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Jane Monzures on how she’s honoring her mother’s indelible spirit

Jane Monzures (right) with her mother Barbara

Jane Monzures (right) with her mother Barbara

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Updated: June 20, 2013 7:23PM

A long time ago, my mother taught me a secret that her mother once taught her: Put a smile on your face, and no one will ever know you’re scared. I’ve made my TV and radio career by putting a smile on my face, talking about food, fashion, pop culture and lifestyle topics — things that are light, fun and happy. But what my audience doesn’t know is that behind my professional veneer, I’ve been helping my mother battle a devastating neurological disorder for the past five years.

My mother, Barbara Monzures, was a former Air Force major, home health aide, school nurse and lifelong caregiver. She was once active, creative, fun-loving and talented. She was a woman ahead of her time — she had a family late in life, and focused on her career. She always helped others, always knew the right things to say. Today, she is a far cry from that woman I once knew.

In 2008, at the age of 74, my mother was diagnosed with Cortiobasal Degeneration, a rare degenerative brain disease that affects only about 5,000 people in the U.S. This progressive neurological disorder has taken my tenacious, energetic role model and imprisoned her in her own body. She is cognitively very aware, but she has lost most function and mobility, as well as her independence.

My mom has kept her dignity while living with this awful disease, but that doesn’t mean she isn’t suffering. There are no drugs specific to the disease, and there is no cure. My mom will eventually lose all mobility and motor-skill function and live in a coffin-like state inside her body. For people suffering from this disease, death is typically caused by something outside of the condition itself, which means the suffering will continue.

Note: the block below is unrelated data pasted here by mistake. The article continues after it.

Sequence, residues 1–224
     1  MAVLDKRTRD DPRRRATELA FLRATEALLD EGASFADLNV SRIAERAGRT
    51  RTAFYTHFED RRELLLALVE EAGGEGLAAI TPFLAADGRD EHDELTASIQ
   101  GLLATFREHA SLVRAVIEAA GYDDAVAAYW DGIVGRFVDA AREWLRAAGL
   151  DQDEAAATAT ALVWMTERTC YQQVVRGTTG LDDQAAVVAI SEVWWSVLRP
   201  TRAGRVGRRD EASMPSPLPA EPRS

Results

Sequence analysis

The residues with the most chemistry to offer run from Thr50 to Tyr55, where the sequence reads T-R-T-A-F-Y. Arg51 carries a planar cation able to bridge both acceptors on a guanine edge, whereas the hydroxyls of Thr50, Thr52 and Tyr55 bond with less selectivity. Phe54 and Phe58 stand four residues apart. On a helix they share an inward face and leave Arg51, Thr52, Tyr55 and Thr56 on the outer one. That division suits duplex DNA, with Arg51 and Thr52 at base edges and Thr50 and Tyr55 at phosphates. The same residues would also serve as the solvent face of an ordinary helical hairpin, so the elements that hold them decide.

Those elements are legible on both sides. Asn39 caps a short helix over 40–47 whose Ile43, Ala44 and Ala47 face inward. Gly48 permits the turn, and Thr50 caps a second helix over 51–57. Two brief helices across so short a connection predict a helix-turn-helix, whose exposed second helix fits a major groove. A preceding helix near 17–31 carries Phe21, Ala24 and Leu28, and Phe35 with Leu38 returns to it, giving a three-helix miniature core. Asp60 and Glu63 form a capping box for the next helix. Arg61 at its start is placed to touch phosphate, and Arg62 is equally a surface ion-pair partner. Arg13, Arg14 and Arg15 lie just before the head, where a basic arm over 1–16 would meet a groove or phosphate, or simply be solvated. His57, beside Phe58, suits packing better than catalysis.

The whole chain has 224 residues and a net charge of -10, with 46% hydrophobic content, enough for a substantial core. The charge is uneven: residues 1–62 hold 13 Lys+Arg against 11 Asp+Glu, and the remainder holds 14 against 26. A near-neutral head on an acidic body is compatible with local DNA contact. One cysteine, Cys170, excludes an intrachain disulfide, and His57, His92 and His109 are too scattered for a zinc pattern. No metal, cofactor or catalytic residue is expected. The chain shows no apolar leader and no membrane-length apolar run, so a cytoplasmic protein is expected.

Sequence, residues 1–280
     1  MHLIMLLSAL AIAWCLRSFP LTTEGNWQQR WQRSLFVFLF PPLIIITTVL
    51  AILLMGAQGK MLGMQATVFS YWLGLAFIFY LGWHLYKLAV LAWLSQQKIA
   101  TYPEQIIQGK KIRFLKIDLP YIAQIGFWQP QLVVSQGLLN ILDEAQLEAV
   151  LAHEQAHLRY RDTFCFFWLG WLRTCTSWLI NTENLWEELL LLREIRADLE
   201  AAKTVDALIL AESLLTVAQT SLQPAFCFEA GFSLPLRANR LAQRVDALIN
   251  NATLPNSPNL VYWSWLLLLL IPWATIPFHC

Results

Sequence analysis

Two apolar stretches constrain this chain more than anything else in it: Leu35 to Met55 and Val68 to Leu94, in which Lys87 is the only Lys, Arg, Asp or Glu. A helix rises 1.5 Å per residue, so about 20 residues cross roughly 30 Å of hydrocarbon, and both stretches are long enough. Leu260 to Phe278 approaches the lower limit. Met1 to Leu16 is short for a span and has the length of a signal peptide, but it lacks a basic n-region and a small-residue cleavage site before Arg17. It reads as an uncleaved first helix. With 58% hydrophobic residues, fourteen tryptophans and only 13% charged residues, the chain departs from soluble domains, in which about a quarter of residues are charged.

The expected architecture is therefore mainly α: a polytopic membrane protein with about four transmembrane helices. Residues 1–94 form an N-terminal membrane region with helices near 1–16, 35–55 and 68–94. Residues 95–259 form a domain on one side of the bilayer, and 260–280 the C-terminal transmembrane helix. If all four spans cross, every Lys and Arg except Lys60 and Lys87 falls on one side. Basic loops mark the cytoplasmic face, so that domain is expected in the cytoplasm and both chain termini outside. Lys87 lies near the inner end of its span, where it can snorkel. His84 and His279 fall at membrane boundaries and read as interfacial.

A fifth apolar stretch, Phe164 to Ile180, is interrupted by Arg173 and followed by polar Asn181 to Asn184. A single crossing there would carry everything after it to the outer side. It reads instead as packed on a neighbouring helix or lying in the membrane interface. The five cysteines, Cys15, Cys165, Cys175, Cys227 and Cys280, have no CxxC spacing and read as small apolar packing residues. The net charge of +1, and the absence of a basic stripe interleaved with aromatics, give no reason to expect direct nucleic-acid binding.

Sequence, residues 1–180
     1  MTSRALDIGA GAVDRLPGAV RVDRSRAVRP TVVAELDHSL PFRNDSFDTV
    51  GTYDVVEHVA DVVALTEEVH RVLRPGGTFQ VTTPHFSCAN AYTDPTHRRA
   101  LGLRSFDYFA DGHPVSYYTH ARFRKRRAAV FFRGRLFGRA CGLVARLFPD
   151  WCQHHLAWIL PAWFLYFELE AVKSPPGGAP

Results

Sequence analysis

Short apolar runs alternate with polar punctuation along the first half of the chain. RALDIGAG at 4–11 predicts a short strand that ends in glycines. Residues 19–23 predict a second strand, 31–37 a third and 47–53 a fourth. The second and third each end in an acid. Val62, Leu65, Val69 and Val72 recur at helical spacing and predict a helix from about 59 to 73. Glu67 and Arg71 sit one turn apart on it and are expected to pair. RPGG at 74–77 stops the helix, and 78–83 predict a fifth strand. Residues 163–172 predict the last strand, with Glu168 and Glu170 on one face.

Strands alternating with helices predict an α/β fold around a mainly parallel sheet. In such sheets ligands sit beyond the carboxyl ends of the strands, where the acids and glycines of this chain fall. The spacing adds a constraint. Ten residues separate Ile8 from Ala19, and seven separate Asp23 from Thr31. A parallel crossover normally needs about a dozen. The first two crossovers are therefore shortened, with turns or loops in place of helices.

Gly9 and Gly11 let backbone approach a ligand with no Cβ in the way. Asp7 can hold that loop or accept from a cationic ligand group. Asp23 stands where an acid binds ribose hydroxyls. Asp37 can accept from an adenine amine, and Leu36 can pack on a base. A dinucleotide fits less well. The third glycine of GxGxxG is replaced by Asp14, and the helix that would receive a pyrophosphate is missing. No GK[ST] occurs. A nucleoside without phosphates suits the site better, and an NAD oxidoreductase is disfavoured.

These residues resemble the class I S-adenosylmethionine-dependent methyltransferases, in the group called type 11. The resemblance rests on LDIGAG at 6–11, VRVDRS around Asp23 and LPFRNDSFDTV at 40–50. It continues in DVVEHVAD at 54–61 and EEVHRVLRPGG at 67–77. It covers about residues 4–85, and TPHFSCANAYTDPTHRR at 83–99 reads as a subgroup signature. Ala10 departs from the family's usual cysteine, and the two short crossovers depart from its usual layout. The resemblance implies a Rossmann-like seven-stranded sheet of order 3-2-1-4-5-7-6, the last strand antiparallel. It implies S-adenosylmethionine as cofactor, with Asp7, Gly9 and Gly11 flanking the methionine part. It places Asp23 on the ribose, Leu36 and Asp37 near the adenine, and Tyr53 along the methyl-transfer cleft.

She is declining every day, and I can’t do anything to help. I can make her laugh, I can keep her company, I can play her favorite music, I can bring her chocolate shakes — but I cannot change what is happening to her.

Several years ago, I realized that many of the things that I do in life and at work I’ve learned from her: sewing, cooking, public speaking, using my voice, possessing contagious, positive energy and being kind — this apple didn’t fall far from the tree. So I decided I could use these talents, which she bestowed upon me, to help her and others like her.

In 2011, I started my own foundation, Live. Love. Life (L3). The mission of L3 — which is holding its annual fashionable fundraising fete Nov. 2, 2013, at the Museum of Broadcast Communications — is to generate awareness and support for degenerative brain disease research at Northwestern’s Feinberg School of Medicine. We do this through community engagement with consumers, family, friends and others who care about giving back.

And I am doing just that for any cause that echoes this mission, including serving as the emcee for The Auxiliary of NorthShore at Evanston & Glenbrook Hospitals’ Gala, “Diamond & Dice,” Saturday at Union Station. All proceeds from the Gala support The DodoNA Project: DNA Prediction to Improve Neurological Health. This leading-edge research at NorthShore aims to predict, prevent and ultimately halt neurological disorders, including Parkinson’s, Alzheimer’s, ALS, brain tumors and MS.

This research is not going to help my mom. At this point, nothing can. But I feel equally dedicated to this cause because it could help my brother, my friends, my daughter, even you and me.

Over the next few years, I know I will have to continue to stand by and feel helpless as my mom suffers. It’s hard to prepare for something like that, but I’ll do everything I can to help her. And no matter what, I will always have that smile on my face.

For more info about The Auxiliary of NorthShore at Evanston & Glenbrook Hospitals’ Gala, please visit For more information about L3, please visit

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